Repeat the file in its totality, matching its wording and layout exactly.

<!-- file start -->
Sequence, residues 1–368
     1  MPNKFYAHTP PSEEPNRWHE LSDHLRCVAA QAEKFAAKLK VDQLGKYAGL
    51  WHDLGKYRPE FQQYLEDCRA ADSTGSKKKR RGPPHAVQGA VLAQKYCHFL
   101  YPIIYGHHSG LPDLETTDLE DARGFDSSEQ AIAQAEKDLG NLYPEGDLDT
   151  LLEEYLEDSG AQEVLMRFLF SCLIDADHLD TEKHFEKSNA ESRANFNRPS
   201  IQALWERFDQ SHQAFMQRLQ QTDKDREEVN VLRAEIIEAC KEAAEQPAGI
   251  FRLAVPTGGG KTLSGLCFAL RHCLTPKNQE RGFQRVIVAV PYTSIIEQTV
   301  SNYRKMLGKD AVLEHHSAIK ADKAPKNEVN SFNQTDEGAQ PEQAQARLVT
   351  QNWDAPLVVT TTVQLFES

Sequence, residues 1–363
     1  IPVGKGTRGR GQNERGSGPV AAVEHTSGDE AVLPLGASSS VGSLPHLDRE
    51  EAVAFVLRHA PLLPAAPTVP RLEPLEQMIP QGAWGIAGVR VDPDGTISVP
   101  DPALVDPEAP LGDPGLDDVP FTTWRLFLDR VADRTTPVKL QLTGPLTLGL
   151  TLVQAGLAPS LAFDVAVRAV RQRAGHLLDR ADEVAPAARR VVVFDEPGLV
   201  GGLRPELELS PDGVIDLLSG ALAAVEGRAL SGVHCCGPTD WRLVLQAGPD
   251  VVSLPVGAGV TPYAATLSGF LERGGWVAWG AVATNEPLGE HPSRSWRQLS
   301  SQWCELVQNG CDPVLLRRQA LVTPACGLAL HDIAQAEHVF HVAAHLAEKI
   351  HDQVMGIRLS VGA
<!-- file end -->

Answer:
Sequence, residues 1–368
     1  MPNKFYAHTP PSEEPNRWHE LSDHLRCVAA QAEKFAAKLK VDQLGKYAGL
    51  WHDLGKYRPE FQQYLEDCRA ADSTGSKKKR RGPPHAVQGA VLAQKYCHFL
   101  YPIIYGHHSG LPDLETTDLE DARGFDSSEQ AIAQAEKDLG NLYPEGDLDT
   151  LLEEYLEDSG AQEVLMRFLF SCLIDADHLD TEKHFEKSNA ESRANFNRPS
   201  IQALWERFDQ SHQAFMQRLQ QTDKDREEVN VLRAEIIEAC KEAAEQPAGI
   251  FRLAVPTGGG KTLSGLCFAL RHCLTPKNQE RGFQRVIVAV PYTSIIEQTV
   301  SNYRKMLGKD AVLEHHSAIK ADKAPKNEVN SFNQTDEGAQ PEQAQARLVT
   351  QNWDAPLVVT TTVQLFES

Sequence, residues 1–363
     1  IPVGKGTRGR GQNERGSGPV AAVEHTSGDE AVLPLGASSS VGSLPHLDRE
    51  EAVAFVLRHA PLLPAAPTVP RLEPLEQMIP QGAWGIAGVR VDPDGTISVP
   101  DPALVDPEAP LGDPGLDDVP FTTWRLFLDR VADRTTPVKL QLTGPLTLGL
   151  TLVQAGLAPS LAFDVAVRAV RQRAGHLLDR ADEVAPAARR VVVFDEPGLV
   201  GGLRPELELS PDGVIDLLSG ALAAVEGRAL SGVHCCGPTD WRLVLQAGPD
   251  VVSLPVGAGV TPYAATLSGF LERGGWVAWG AVATNEPLGE HPSRSWRQLS
   301  SQWCELVQNG CDPVLLRRQA LVTPACGLAL HDIAQAEHVF HVAAHLAEKI
   351  HDQVMGIRLS VGA